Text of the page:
- BRENT LEARY: The main difference in terms of cloud-based CRM is that companies can focus on core business competencies, and creating deeper, longer-lasting relationships with their customers - instead of spending time and money buying and maintaining hardware and software. And because vendors maintain data and applications in the cloud, the information is more accessible at any time, in more formats, and on a growing number of device types. So the cloud increases the opportunity to stay connected with customers and prospects in order to more efficiently build richer relationships. While the cloud offers new ways to engage customers, the name of the game is still finding, catching and keeping good customers. So the importance of implementing the right processes to optimize the efficiency of marketing, sales and service is still key to finding CRM success - whether it by in the cloud or on premise. And while new tools and technologies help to optimize processes, it still comes down to people being the single most important part of any CRM initiative.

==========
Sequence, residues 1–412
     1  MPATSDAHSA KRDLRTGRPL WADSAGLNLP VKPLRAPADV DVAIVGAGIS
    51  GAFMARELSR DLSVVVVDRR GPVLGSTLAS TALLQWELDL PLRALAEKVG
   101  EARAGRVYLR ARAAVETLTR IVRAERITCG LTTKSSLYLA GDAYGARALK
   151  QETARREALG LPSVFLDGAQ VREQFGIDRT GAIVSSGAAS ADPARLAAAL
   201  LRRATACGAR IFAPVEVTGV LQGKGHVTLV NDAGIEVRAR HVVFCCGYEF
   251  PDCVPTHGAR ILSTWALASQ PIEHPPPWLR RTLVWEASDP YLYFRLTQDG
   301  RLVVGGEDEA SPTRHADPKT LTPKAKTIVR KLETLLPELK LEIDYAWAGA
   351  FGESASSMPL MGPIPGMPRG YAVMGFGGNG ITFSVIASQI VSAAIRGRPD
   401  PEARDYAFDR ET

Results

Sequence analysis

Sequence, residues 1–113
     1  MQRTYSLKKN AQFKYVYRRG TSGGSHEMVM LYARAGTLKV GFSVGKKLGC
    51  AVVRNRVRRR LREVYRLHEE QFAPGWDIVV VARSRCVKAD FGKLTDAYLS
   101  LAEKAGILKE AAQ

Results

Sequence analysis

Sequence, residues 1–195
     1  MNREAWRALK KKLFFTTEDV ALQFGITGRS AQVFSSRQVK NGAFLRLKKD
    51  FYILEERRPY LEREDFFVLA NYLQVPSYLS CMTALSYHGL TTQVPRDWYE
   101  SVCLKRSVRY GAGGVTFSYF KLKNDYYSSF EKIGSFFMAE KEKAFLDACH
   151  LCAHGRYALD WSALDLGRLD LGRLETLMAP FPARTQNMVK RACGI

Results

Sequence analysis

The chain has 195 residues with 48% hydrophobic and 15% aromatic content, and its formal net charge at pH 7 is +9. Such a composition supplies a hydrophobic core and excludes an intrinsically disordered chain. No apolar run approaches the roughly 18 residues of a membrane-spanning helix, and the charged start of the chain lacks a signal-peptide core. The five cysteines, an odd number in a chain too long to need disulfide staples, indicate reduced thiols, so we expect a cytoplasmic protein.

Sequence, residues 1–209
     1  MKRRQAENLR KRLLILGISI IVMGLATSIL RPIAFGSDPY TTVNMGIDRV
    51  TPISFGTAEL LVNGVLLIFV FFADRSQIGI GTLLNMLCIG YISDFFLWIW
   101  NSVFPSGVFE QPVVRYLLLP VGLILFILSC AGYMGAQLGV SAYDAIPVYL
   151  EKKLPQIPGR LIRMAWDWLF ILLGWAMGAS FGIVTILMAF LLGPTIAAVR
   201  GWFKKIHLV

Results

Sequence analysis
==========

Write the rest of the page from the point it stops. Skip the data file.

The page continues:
Let's finish on this, which in some ways relates to CRM. What is your strategy in terms of influencers, and how do you even define who is an influencer?
- What a great question. If 2010 was the year of the expert, 2011 is going to be the year of the influencer. There are just so many that we work with, including our customers and partners as well as industry analysts and experts that provide us with actionable feedback that really helps us improve and set the direction for our new offerings. That's why it is important for us to use technology to engage broadly with all of the audiences that matter. Whether you're a company-based influencer or your own brand altogether, we're looking at it from a big picture perspective.
- BRENT LEARY: It's quite simple: An influencer is someone with the ability to change someone's thoughts or actions, based on their domain knowledge and expertise, and their ability to effectively communicate that knowledge. That's all that matters.
Disclaimer: Microsoft is a presenting sponsor of The Customer Collective, one of the nine, member-based communities of Social Media Today.